ET TU, AI? - Mario Klingemann

Mario is a recognized and award winning artist who uses AI and other generative techniques. Throughout his talk he presented various of his projects that use different algorithms and ways to combine data achieving impressive and interesting results. One example being music used as input to dynamically morph different portions of a set of images. 

For Mario, AI provides new ways to view and combine existing data but on the other hand he enjoys getting inspiration from the real world. As an example, whenever he is in London he tries to find his way to the Thames on low tide and go mudlarking. Which is strolling through the muddy river bed to see what can be found there giving him new impulses.

The new and upcoming AI tools enable everyone to become a generative artist but it takes the creative mind of people like Mario to come up with new and unique ideas using these tools.

Describing all the projects Mario presented would not do them justice so I recommend simply watching the talk or at least looking up some of his projects like Archive Speed Dating, the Uncanny Mirror or Botto.

The latter being an AI creating digital art and selling it to sustain its own infrastructure costs and so becoming a self-sufficient artificial entity (or at least almost). Up until now Botto generated about $2.5 Million of which nothing goes to Mario but is solely used for Botto's expenses. 

瞑想と書: Meditation with Calligraphy - Aoi Yamaguchi

Aoi is the daughter of a calligraphy master craftswoman and got enrolled into a calligraphy school at the age of 6. Later on she incidentally mentions she also started learning the piano at the age of 5 (let that sink in for a moment...). At the age of 14 she achieved the rank of master student. As much as we are aware of the disciplined upbringing common in Japanese culture, it still impresses me everytime I hear of such examples.

Throughout her whole talk Aoi keeps coming back to the values instilled in her during her education. Qualities like discipline, perseverance and patience being some of the most important ones. 

On the other hand she explains what meditation means to her and where meditation and calligraphy either complete or overlap with each other. Mediation helps her to calm down, clear her mind and focus on the drawing she is about to perform. Also the process of preparing her ink is a small mediation in itself and the list goes on and on.

Aoi also showed us videos of some of her performances emphasizing the traditional aspect of calligraphy and importance of those related traits.

I found it very interesting to see what kind of passion and determination goes into traditional calligraphy art while from the outside this is hardly noticeable.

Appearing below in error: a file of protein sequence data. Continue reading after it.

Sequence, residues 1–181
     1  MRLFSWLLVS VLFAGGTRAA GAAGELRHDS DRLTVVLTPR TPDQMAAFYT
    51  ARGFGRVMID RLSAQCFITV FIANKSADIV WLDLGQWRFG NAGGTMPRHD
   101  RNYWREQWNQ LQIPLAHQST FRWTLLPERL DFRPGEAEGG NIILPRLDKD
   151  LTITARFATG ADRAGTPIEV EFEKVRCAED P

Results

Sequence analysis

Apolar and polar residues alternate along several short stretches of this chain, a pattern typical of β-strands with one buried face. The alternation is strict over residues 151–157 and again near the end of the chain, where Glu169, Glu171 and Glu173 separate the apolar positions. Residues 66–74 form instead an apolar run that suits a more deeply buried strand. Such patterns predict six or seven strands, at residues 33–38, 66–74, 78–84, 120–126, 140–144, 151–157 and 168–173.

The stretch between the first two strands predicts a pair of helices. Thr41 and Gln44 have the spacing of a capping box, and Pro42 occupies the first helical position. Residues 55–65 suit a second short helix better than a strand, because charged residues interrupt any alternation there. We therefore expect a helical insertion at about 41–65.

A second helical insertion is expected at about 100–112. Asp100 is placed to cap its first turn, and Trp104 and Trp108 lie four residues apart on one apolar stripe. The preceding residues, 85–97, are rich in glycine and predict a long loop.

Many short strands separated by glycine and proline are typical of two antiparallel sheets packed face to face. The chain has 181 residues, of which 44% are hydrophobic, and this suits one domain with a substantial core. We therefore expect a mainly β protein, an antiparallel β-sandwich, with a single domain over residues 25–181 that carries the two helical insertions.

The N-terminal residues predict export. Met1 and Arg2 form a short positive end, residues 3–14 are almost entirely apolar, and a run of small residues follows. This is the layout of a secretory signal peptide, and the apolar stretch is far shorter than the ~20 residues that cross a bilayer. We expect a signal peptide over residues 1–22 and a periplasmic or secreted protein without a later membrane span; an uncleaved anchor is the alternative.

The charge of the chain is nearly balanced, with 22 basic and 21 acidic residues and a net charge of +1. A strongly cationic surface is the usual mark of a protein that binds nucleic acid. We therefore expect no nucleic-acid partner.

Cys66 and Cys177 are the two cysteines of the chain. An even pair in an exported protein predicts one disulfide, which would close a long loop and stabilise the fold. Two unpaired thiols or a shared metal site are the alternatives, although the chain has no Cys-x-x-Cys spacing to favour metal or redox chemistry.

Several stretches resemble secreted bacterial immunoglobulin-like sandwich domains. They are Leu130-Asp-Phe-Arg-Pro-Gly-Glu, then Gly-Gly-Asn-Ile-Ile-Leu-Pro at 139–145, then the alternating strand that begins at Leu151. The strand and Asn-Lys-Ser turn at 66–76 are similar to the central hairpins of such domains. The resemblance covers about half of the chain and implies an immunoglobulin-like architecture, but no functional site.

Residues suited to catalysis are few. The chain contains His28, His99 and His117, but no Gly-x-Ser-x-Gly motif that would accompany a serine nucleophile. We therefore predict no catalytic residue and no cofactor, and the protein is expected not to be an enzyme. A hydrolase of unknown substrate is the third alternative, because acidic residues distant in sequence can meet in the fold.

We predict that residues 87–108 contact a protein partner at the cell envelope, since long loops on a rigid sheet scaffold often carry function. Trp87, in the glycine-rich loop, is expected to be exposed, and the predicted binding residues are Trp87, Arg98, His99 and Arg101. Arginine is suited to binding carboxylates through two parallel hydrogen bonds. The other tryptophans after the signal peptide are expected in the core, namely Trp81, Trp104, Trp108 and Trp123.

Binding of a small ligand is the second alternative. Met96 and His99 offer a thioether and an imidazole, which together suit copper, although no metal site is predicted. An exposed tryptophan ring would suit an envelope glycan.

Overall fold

How to be an Ultra Artist - Gemma O’Brien

This talk started with a nice touch as Gemma added pictures from her morning run to the beginning of her presentation. During her whole talk she managed to radiate energy and positivity which gave off a lovely vibe.

Already in her early years Gemma loved to paint and always embraced new tools or technologies to create content be it a camcorder or her first computer. Being a successful student she first enrolled into law school but soon decided to drop out and study graphic design instead. It was then when she fell in love with printing and lettering leading her to typography. During her studies she created a video in which she covered her body in different letters that somehow found it's way into a German magazine and eventually led to her being invited to speak at a conference despite never having actually worked in the field. But it all worked out fine and somehow got her to work for global companies and become rather successful.

After a while she found herself drawn back to her roots, working with letters. The talk featured many examples of her work and those alone make the video worth watching. Being driven to find new ways on how to work with lettering she discovered calligraphy and experimented with the basics. At one point she got hired to create several hand painted, large scale billboards and simply loved working on such a big scale.

She was downright possessed with drawing and so started drawing on the sick bags on her many flights she had to go on. This got worse with the uprise of tablets, because now she could work anywhere anytime. Over time Gemma was spiraling into a burnout and to get out if she had to return to her initial, analog work process.

To help her, Gemma created a visual diary, a huge physical book where she keeps all of her sketches and even print outs of her drafts. This allowed her to focus again and slow down. Then the pandemic hit and she found herself more or less locked up in her studio for a year. So she finally got into running, first a few kilometers increasing more and more over time until she ran half and even full marathons. But not enough with that, she set her mind on running an ultra marathon and bought a book about it to help her prepare.